9. aquilluqaaq says:

    All the same:
    Cicero, Orator, 228.1-229.11
    hanc igitur, sive compositionem sive perfectionem sive numerum vocari placet, [et] adhibere necesse est, si ornate velis dicere, non solum, quod ait Aristoteles et Theophrastus, ne infinite feratur ut flumen oratio, quae non aut spiritu pronuntiantis aut interductu librarii sed numero coacta debet insistere, verum etiam quod multo maiorem habent apta vim quam soluta. ut enim athletas nec multo secus gladiatores videmus nihil nec vitando facere caute nec petendo vehementer, in quo non motus hic habeat palaestram quandam, ut quicquid in his rebus fiat utiliter ad pugnam idem ad aspectum etiam sit venustum, sic orator nec plagam gravem facit, nisi petitio fuit apta, nec satis tecte declinat impetum, nisi etiam in cedendo quid deceat intellegit. itaque qualis eorum motus quos ἀπαλαίστρους Graeci vocant, talis horum mihi videtur oratio qui non clau- dunt numeris sententias, tantumque abest ut – quod ii qui hoc aut magistrorum inopia aut ingenii tardi- tate aut laboris fuga non sunt assecuti solent dicere – enervetur oratio compositione verborum, ut aliter in ea nec impetus ullus nec vis esse possit. sed magnam exercitationem res flagitat, ne quid eorum qui genus hoc secuti non tenuerunt simile faciamus: ne aut verba traiciamus aperte, quo melius aut cadat aut volvatur oratio.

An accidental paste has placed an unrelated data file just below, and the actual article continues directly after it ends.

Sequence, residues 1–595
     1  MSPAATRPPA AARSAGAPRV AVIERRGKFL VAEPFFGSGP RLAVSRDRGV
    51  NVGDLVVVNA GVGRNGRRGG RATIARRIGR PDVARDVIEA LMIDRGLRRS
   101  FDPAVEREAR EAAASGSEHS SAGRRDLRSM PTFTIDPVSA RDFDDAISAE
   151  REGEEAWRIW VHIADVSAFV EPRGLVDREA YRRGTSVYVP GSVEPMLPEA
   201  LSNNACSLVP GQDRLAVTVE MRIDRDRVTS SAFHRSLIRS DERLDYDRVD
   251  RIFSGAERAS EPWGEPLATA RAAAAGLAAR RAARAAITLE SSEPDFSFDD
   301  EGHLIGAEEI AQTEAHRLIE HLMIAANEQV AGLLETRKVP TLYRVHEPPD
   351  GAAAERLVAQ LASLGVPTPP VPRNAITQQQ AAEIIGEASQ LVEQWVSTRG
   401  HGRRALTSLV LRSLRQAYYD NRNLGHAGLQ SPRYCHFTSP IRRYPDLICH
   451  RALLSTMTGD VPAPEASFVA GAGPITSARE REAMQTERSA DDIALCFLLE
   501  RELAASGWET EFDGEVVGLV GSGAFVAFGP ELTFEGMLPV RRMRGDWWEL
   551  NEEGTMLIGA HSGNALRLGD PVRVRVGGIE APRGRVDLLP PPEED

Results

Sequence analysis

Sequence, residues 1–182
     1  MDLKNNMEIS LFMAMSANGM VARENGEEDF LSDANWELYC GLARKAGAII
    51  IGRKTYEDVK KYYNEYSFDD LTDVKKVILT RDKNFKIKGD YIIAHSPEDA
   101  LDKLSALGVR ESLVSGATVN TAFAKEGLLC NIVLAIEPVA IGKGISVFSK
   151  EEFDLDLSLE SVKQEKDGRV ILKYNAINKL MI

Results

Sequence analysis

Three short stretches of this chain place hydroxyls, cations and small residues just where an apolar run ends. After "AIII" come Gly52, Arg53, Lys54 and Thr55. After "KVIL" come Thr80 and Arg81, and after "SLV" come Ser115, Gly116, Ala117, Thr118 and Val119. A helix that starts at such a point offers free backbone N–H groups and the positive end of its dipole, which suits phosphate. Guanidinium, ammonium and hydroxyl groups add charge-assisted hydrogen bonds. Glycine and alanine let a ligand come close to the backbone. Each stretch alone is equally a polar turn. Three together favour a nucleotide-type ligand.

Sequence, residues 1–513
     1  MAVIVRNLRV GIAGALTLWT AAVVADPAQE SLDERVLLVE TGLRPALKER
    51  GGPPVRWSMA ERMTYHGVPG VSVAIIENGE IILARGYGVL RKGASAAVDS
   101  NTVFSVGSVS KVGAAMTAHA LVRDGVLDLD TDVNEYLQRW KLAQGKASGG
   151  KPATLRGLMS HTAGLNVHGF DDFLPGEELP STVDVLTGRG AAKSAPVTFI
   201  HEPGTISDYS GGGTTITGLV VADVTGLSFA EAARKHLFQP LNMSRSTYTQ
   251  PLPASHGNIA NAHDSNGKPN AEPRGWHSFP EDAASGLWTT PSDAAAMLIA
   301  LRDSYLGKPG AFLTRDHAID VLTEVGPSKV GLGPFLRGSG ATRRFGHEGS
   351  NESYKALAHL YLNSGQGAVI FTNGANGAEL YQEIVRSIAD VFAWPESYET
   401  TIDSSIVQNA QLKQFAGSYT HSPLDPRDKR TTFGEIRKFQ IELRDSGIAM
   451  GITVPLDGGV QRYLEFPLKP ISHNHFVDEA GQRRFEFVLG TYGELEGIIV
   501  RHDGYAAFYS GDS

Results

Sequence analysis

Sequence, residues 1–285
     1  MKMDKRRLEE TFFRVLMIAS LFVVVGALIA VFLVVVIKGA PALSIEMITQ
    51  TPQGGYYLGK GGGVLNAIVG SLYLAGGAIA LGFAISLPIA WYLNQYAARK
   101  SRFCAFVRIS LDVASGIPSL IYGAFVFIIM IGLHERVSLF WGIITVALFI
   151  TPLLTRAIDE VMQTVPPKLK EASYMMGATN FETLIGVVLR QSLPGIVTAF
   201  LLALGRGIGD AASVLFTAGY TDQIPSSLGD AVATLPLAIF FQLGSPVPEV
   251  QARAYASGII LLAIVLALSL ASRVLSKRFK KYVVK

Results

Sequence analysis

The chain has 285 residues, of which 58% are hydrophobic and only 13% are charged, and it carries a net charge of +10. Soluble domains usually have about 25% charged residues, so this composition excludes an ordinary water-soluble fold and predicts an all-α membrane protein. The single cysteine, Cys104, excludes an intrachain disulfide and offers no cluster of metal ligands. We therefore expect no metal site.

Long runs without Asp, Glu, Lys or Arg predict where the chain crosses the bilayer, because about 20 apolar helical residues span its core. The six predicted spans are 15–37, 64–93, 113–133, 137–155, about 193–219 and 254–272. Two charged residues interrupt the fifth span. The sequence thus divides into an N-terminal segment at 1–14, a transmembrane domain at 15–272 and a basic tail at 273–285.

10. Currently Unicode encodes 598 punctuation marks. There are more than 50 sets of paired punctuation marks, basically brackets and quotation marks of various sorts; more than 20 types of hyphens and dashes; and 10 kinds of underscores. In addition to generic punctuation, there are punctuation marks specific to more than 50 of Unicode’s 95 currently encoded scripts.
    Here they are in full, though most people won’t have the fonts to see them all. Note that there are double-width and double-width but small clones of the ASCII punctuation marks for use with Chinese and Japanese.
    ! " # % & ' ( ) * , - . / : ; ? @ [ \ ] _ { } ¡ « · » ¿ ; · ՚ ՛ ՜ ՝ ՞ ՟ ։ ֊ ־ ׀ ׃ ׆ ׳ ״ ؉ ؊ ، ؍ ؛ ؞ ؟ ٪ ٫ ٬ ٭ ۔ ܀ ܁ ܂ ܃ ܄ ܅ ܆ ܇ ܈ ܉ ܊ ܋ ܌ ܍ ߷ ߸ ߹ ࠰ ࠱ ࠲ ࠳ ࠴ ࠵ ࠶ ࠷ ࠸ ࠹ ࠺ ࠻ ࠼ ࠽ ࠾ ࡞ । ॥ ॰ ෴ ๏ ๚ ๛ ༄ ༅ ༆ ༇ ༈ ༉ ༊ ་ ༌ ། ༎ ༏ ༐ ༑ ༒ ༺ ༻ ༼ ༽ ྅ ࿐ ࿑ ࿒ ࿓ ࿔ ࿙ ࿚ ၊ ။ ၌ ၍ ၎ ၏ ჻ ፡ ። ፣ ፤ ፥ ፦ ፧ ፨ ᐀ ᙭ ᙮ ᚛ ᚜ ᛫ ᛬ ᛭ ᜵ ᜶ ។ ៕ ៖ ៘ ៙ ៚ ᠀ ᠁ ᠂ ᠃ ᠄ ᠅ ᠆ ᠇ ᠈ ᠉ ᠊ ᥄ ᥅ ᨞ ᨟ ᪠ ᪡ ᪢ ᪣ ᪤ ᪥ ᪦ ᪨ ᪩ ᪪ ᪫ ᪬ ᪭ ᭚ ᭛ ᭜ ᭝ ᭞ ᭟ ᭠ ᯼ ᯽ ᯾ ᯿ ᰻ ᰼ ᰽ ᰾ ᰿ ᱾ ᱿ ᳓ ‐ ‑ ‒ – — ― ‖ ‗ ‘ ’ ‚ ‛ “ ” „ ‟ † ‡ • ‣ ․ ‥ … ‧ ‰ ‱ ′ ″ ‴ ‵ ‶ ‷ ‸ ‹ › ※ ‼ ‽ ‾ ‿ ⁀ ⁁ ⁂ ⁃ ⁅ ⁆ ⁇ ⁈ ⁉ ⁊ ⁋ ⁌ ⁍ ⁎ ⁏ ⁐ ⁑ ⁓ ⁔ ⁕ ⁖ ⁗ ⁘ ⁙ ⁚ ⁛ ⁜ ⁝ ⁞ ⁽ ⁾ ₍ ₎ 〈 〉 ❨ ❩ ❪ ❫ ❬ ❭ ❮ ❯ ❰ ❱ ❲ ❳ ❴ ❵ ⟅ ⟆ ⟦ ⟧ ⟨ ⟩ ⟪ ⟫ ⟬ ⟭ ⟮ ⟯ ⦃ ⦄ ⦅ ⦆ ⦇ ⦈ ⦉ ⦊ ⦋ ⦌ ⦍ ⦎ ⦏ ⦐ ⦑ ⦒ ⦓ ⦔ ⦕ ⦖ ⦗ ⦘ ⧘ ⧙ ⧚ ⧛ ⧼ ⧽ ⳹ ⳺ ⳻ ⳼ ⳾ ⳿ ⵰ ⸀ ⸁ ⸂ ⸃ ⸄ ⸅ ⸆ ⸇ ⸈ ⸉ ⸊ ⸋ ⸌ ⸍ ⸎ ⸏ ⸐ ⸑ ⸒ ⸓ ⸔ ⸕ ⸖ ⸗ ⸘ ⸙ ⸚ ⸛ ⸜ ⸝ ⸞ ⸟ ⸠ ⸡ ⸢ ⸣ ⸤ ⸥ ⸦ ⸧ ⸨ ⸩ ⸪ ⸫ ⸬ ⸭ ⸮ ⸰ ⸱ 、 。 〃 〈 〉 《 》 「 」 『 』 【 】 〔 〕 〖 〗 〘 〙 〚 〛 〜 〝 〞 〟 〰 〽 ゠ ・ ꓾ ꓿ ꘍ ꘎ ꘏ ꙳ ꙾ ꛲ ꛳ ꛴ ꛵ ꛶ ꛷ ꡴ ꡵ ꡶ ꡷ ꣎ ꣏ ꣸ ꣹ ꣺ ꤮ ꤯ ꥟ ꧁ ꧂ ꧃ ꧄ ꧅ ꧆ ꧇ ꧈ ꧉ ꧊ ꧋ ꧌ ꧍ ꧞ ꧟ ꩜ ꩝ ꩞ ꩟ ꫞ ꫟ ꯫ ﴾ ﴿ ︐ ︑ ︒ ︓ ︔ ︕ ︖ ︗ ︘ ︙ ︰ ︱ ︲ ︳ ︴ ︵ ︶ ︷ ︸ ︹ ︺ ︻ ︼ ︽ ︾ ︿ ﹀ ﹁ ﹂ ﹃ ﹄ ﹅ ﹆ ﹇ ﹈ ﹉ ﹊ ﹋ ﹌ ﹍ ﹎ ﹏ ﹐ ﹑ ﹒ ﹔ ﹕ ﹖ ﹗ ﹘ ﹙ ﹚ ﹛ ﹜ ﹝ ﹞ ﹟ ﹠ ﹡ ﹣ ﹨ ﹪ ﹫ ! " # % & ' ( ) * , - . / : ; ? @ [ \ ] _ { } ⦅ ⦆ 。 「 」 、 ・ 𐄀 𐄁 𐎟 𐏐 𐡗 𐤟 𐤿 𐩐 𐩑 𐩒 𐩓 𐩔 𐩕 𐩖 𐩗 𐩘 𐩿 𐬹 𐬺 𐬻 𐬼 𐬽 𐬾 𐬿 𑁇 𑁈 𑁉 𑁊 𑁋 𑁌 𑁍 𑂻 𑂼 𑂾 𑂿 𑃀 𑃁 𒑰 𒑱 𒑲 𒑳